He said lives and livelihoods were hanging in the balance as the world “dangled at the edge of this economic precipice.”Mr Brown, former MP for Kirkcaldy, spoke out as the UK Government pressed ahead with plans to end the £20 top-up payment to people on Universal Credit.
The cut takes effect next month.
He described the move as “more morally indefensible than anything I have ever witnessed in politics.”
He said: “For 75 years the British welfare state has provided the safety net for families in dire need but, after October 6, the last line of support for families will not be the welfare state but food banks.
“Britain's poor can no longer rely on social security for the minimum they need to prevent their descent into extreme poverty.
“Their lifeline is now charity. “He added; “The £20 a week is the difference between a breakfast and starting the day hungry, and between school clothes and children going ill-clad and ill-equipped.
“Fuel poverty will force a choice between heating and eating
“And added to the country’s 2000 food banks will be baby banks .clothes banks, bedding banks and hygiene banks.”
He added: “Never have I see a Government act so callously and with so little concern for the consequences in human suffering.”Mr Brown, who is a patron of charities in his former constituency has appealed to local businesses to make good the damage done by the withdrawal of the £20.”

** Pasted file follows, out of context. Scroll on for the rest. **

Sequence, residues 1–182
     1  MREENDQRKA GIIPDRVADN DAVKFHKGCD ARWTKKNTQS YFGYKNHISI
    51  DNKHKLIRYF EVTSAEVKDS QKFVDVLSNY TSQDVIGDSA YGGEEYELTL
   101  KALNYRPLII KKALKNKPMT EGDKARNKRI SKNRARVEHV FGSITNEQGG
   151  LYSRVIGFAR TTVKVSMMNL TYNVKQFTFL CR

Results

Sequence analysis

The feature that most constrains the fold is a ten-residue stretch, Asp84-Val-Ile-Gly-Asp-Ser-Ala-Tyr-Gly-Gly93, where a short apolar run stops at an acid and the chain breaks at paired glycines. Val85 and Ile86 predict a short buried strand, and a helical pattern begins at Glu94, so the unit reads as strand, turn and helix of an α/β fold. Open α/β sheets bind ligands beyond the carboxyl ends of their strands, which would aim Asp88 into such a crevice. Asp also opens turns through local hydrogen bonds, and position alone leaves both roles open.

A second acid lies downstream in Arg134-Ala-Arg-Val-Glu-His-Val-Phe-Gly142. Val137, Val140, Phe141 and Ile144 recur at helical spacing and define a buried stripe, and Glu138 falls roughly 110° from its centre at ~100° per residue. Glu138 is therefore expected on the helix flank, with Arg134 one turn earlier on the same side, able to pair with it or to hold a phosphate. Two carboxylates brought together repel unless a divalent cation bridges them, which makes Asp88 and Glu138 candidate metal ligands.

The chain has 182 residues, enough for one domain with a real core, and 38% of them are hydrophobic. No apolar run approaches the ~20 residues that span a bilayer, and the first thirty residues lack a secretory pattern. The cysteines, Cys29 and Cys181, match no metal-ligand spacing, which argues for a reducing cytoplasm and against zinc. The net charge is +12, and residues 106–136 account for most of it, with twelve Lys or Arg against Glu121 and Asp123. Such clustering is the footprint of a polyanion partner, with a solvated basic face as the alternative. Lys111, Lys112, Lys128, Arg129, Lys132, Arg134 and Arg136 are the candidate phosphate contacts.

The former Prime Minister said already almost 50% of families with three or more children are below the poverty line as are nearly 70% of the unemployed.
He warned that the £20 cut to Universal Credit will further increase child poverty by 200,000 and overall family poverty 500,000.
Mr Brown said the welfare state is no longer even attempting to discharge its promise made in the Beverage Report of 1942 to abolish the five evils of squalor, want, disease, ignorance and idleness.
“No longer will social security, as was promised then, take the fear - and the shame - out of need.” he said. “. I can tell Ministers from my experience that hope is being destroyed in the places they never deign to visit and there is desperation in the faces they never see.
“Twenty years ago we promised we would abolish child poverty in a generation .
“Now all we can do is to offer charity to prevent destitution. Marcus Rashford spoke for millions when he said that his community had little in material goods but what they lacked in money they had in compassion for each other.
“And that’s what they will now have to rely on: the poor having to come to the aid of the poorest. – and all people of conscience, with a shred of decency, from local businesses to national charities. stepping up to fill the gap in empathy and moral fibre that this Government has wilfully opened up.”